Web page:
November 05, 2013
Doctor administers clot-busting drug to save a patient's life.
Dual stroke survivor Debi Shackleford has total confidence in neuro-intensivist Victor Zach, MD, whose daring brain treatment procedure saved her life.
Debi Shackleford is glad her heart unexpectedly went into overdrive. "If it hadn’t started beating really hard," she said, "I probably wouldn't have gone to the doctor."
Although her blood pressure had climbed the previous year, she couldn't imagine that anything was seriously wrong with her. She had always been healthy and active.
In February, Debi thought a splitting headache, nausea and vomiting added up to the flu. She finally made a doctor's appointment when her heart started pounding. The nurse practitioner urged her to go to the Emergency Department.
The 24/7 stroke team at John C. Lincoln North Mountain Hospital, an accredited Stroke Center, discovered that Debi had suffered a rare stroke that’s often fatal.
Dual stroke Issues
Most strokes are caused by blood clots that block the flow of oxygen through the brain's arteries. An intravenous drug called tPA can dissolve the clot, restoring blood flow and normal function if administered quickly enough.
A small percentage of strokes is caused when a blood vessel breaks and bleeds into the brain, sometimes requiring surgery. Ordinarily, treating this kind of stroke with intravenous tPA would worsen the bleeding.
But Debi had both problems, said board-certified stroke expert, neuro-intensivist Victor Zach, MD.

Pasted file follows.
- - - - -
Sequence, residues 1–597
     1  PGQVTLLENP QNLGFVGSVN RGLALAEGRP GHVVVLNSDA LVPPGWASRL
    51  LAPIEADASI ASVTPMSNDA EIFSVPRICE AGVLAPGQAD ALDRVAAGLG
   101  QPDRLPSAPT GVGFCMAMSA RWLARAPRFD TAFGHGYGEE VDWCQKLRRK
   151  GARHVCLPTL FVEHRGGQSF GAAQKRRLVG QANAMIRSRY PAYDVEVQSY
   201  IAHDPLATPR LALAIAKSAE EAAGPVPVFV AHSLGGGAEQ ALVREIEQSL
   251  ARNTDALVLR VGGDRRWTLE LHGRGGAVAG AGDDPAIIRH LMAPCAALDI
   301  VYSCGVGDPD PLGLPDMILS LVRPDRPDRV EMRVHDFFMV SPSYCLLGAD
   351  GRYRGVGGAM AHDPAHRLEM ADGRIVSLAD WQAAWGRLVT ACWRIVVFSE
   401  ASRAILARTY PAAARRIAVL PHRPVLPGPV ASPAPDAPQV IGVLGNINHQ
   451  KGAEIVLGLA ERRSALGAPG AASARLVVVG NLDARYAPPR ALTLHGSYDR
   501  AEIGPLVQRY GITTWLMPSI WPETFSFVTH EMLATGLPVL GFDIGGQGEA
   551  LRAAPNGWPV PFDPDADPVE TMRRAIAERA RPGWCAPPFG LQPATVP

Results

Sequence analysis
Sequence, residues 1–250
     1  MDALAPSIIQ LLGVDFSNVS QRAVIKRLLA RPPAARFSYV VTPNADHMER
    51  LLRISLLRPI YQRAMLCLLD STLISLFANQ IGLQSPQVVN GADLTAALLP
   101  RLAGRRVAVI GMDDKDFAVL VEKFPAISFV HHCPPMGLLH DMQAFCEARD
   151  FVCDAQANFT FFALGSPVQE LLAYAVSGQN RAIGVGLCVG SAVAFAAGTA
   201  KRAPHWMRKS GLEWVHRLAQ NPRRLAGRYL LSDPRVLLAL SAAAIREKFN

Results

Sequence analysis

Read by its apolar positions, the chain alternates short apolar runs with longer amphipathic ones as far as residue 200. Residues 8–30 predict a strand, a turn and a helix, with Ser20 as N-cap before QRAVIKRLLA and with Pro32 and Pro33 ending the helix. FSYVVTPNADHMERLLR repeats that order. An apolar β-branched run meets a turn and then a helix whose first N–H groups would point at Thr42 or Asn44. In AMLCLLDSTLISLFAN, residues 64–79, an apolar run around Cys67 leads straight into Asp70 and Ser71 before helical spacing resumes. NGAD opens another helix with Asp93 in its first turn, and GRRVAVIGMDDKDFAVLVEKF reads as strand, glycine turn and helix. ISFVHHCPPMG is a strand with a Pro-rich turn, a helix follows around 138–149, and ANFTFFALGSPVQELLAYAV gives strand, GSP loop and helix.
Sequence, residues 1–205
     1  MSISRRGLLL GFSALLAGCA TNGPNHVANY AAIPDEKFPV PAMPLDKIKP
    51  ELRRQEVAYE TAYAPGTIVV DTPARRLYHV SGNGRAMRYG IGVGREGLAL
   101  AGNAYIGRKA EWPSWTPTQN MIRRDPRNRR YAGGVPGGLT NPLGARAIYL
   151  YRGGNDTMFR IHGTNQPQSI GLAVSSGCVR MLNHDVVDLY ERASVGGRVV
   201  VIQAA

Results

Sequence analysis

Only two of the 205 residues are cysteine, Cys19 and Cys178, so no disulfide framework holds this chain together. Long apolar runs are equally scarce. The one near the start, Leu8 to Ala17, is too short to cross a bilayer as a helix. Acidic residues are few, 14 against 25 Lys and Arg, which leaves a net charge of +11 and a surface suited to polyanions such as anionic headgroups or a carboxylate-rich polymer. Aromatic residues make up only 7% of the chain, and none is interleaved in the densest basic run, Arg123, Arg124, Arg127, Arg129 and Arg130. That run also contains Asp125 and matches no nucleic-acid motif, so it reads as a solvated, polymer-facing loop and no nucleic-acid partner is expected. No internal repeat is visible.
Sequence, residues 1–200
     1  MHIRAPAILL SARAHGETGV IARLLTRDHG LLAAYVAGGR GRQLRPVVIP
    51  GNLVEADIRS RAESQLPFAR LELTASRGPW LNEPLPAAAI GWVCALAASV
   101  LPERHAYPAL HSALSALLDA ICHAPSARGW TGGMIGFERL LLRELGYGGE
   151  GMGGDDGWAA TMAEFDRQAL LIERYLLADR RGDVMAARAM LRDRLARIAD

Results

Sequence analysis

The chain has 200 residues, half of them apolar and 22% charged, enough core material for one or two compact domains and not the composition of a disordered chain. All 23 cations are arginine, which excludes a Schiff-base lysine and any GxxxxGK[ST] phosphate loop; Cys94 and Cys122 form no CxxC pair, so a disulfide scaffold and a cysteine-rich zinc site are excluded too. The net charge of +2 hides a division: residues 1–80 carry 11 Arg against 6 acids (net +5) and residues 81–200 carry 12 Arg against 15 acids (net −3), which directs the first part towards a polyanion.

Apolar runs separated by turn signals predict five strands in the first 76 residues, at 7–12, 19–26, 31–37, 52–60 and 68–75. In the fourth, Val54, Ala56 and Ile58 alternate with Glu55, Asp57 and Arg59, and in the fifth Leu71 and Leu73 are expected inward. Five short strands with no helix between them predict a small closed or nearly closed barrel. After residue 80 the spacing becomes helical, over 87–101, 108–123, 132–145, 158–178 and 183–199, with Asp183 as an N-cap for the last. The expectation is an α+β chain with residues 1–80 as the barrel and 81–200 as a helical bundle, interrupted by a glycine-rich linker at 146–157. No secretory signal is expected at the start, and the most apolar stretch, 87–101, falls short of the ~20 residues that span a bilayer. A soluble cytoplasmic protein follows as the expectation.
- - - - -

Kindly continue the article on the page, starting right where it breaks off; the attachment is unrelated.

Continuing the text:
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This article appears in the November-December 2013 edition of HealthBeat, John C. Lincoln's free health newsletter.
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With a brain bleed called an intraventricular hemorrhage, Debi's brain filled with blood that solidified into a clot, closing off the outflow of cerebrospinal fluid (CSF).
If CSF builds up dangerously, a condition called hydrocephalus, a shunt must be surgically inserted to drain the fluid and ease pressure on the brain.
"I remember being terrified when they said they were going to drill a hole in my head," Debi said. But Dr. Zach explained everything. He was so calm and confident ... he made me believe he was going to fix my problem – and he did!"
Dr. Zach drilled through her skull and inserted a catheter to drain the CSF and reduce pressure. That was standard procedure. What happened next was not.
Basing his action on clinical research he'd done in New York, Dr. Zach said he "did the unthinkable. I gave a patient with a brain bleed a clotbuster. This was a John C. Lincoln first."
Direct Delivery to Clot
Delivering the drug intravenously would have aggravated the brain bleeding. Instead, he maneuvered the catheter through the burr hole and administered tPA directly into the clot, dissolving it without aggravating the bleeding.
Without this innovative treatment, he said, clinical trials show the death rate from Debi's condition as high as 56 percent. Half who do survive without intraventricular tPA become dependent on shunts.
"What happened next was miraculous," he said. "The head CT scan done the next day revealed complete resolution of the blood clot and return of normal CSF flow."
"I recovered really quickly," Debi said. "I was in ICU five days and a nursing unit two days. I felt pretty good, but my brain felt a bit rusty."
She went to Lumosity.com and spent a week trying to beat its games. "It really helped," she said. "I'm a mutuel teller for the dog track, and you have to be on the very top of your game. I was. God and Dr. Zach gave me a second chance at life."
For more information, please visit JCL.com/neurosciences.
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